In the Miranda case, the Supreme Court reversed the conviction, saying they did it because no warning was given. That is what they did. But what they said was that their ruling was not to be a precedent. They didn’t want lower courts doing what they did.

Had the rest of the courts followed the decision in Miranda, by doing what the Supreme Court did, thousands of convicts would have been released. The Supreme Court reversed the Miranda conviction, then promptly said their decision was prospective only.

Bottom line is that the Warren Court knew darn well that the Miranda conviction didn’t violate the Constitution. If it had, then all other similar convictions were also invalid. The Warren Court was well aware that they were proclaiming a new rule of law, unrelated to the federal constitution.

That explanation prompted a vey bright student in the back of the room to pose this question, “Isn’t the Constitution supposed to be a living document?”

I sensed that she was advancing the familiar defense of an activist judiciary: Times change; the Constitution was intended to last for a long time, therefore it was intended to change with the times.

That familiar proposition is true, of course. But it doesn’t answer the question of how the constitution is supposed to be changed. George Washington made it clear: the constitution is obligatory unless and until it is changed by the explicit and authentic act of the whole people.

The pronouncement of an unelected nine member Supreme Court is not the explicit and authentic act of the whole people.

The constitution is the compact between the people and their government. It expresses the consent of the people to be governed in a certain way by leaders chosen in a defined manner. It is fair to say that a constitution deals with the who and the how of government. Legislatures decide the what.

It is inconceivable that the people of the United States have knowingly tolerated the usurpation of power that has tainted the decisions of the Supreme Court during my lifetime. The only explanation is the dumbing down of  public knowledge about our constitution.

The current court is a virtual cartoon of self aggrandizing elitism. All nine member of the court are graduates of only three law schools; Harvard, Yale and Columbia.

Think about it. There are over 200 accredited schools of law in the United States. The mathematical probability of all nine justices being educated at only three of those schools is something like 0.0000585 to one.

That august body has become a good old boy and girls club. It’s time for  change.

Saturday, February 14, 2015


February 14, 2015

Dean Brad Sears
The Williams Institute
UCLA School of Law
Los Angeles, CA 90095-1476

Dear Dean Sears:

I received an email today describing the work being done by the Williams Institute at UCLA. As a result, I visited your very impressive and comprehensive web site.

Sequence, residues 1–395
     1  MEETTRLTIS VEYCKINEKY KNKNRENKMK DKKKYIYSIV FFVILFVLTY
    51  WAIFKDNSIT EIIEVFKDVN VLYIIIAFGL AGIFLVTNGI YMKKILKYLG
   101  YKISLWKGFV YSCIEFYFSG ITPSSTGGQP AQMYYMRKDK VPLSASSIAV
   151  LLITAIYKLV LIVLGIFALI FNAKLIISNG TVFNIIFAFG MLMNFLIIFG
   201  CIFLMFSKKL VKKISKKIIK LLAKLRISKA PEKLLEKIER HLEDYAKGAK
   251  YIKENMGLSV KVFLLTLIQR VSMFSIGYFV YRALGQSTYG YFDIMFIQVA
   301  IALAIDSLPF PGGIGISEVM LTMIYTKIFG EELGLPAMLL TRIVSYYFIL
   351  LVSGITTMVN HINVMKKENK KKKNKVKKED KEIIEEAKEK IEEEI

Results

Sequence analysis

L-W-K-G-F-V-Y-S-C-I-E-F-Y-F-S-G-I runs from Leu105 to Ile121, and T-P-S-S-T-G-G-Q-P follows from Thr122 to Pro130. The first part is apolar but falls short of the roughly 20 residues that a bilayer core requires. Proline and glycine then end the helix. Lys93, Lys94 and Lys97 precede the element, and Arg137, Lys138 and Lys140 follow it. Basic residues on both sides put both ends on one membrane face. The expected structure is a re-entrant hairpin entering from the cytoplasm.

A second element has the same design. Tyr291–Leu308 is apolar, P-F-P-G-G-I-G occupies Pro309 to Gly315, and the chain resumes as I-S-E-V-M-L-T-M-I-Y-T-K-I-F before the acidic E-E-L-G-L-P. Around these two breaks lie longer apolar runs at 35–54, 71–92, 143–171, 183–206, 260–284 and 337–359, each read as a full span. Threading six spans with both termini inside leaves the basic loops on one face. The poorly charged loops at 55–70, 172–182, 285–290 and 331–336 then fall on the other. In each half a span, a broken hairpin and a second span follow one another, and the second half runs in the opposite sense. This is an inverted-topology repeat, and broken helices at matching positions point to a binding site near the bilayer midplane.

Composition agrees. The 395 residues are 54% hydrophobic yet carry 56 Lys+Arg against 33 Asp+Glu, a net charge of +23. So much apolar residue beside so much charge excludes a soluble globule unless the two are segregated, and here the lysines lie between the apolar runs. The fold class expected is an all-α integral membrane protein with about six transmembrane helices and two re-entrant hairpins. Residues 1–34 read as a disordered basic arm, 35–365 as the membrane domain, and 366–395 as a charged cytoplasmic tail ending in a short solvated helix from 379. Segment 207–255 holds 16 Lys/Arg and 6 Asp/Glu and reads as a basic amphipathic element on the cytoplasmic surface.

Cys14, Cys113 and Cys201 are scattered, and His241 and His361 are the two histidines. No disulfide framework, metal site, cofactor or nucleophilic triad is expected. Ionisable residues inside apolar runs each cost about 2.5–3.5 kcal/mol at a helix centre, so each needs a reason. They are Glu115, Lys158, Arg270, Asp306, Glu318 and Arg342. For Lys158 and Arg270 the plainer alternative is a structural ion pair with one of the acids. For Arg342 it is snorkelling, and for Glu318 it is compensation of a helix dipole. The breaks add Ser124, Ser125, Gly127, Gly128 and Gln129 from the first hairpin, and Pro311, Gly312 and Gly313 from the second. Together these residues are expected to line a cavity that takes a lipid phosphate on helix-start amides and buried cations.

It appears that through the generosity of Mr. Williams, the University has been able to recruit a formidable staff of scholars, researchers, writers and speakers which has been diligently and effectively training 3,000 judges throughout the United States.

In reviewing your web site, I was impressed with both the similarity and the contrast between the work of the Institute and the famous Brandeis Brief filed in the 1908 case of Muller v Oregon on behalf of the defendant State of Oregon by Louis Brandeis, who was later appointed to the Supreme Court.

The Brandeis Brief, you will recall, was a ground breaking effort to persuade the court, not so much with historical precedents as with scientific knowledge and other evidence not introduced in the lower courts, such as testimony by medics, social scientists and male workers who argued that long working hours had a negative effect on the health, safety, morals and general welfare of women.

It became a model for many other presentations before the Supreme Court of the United States, a practice which has encouraged the Court to eschew the historic function of adjudication in favor of an activist role as arbiter of the national welfare and culture.

It would appear that the work of the Williams Institute constitutes a massive and exhaustive Brandeis Brief in favor of the LGBT cultural agenda. In the interest of fairness, would it not be desirable to inform the public and all potential litigants of the names of those 3,000 judges who had the benefit of your intensive instruction and attitude training?

I should think that litigants currently before the court debating the marriage issue should be informed which, if any, of the current Supreme Court Justices are among those 3,000 judicial graduates of the Williams Institute.


Thomas E. Brennan
Former Chief Justice of Michigan
Founder of Thomas Cooley Law School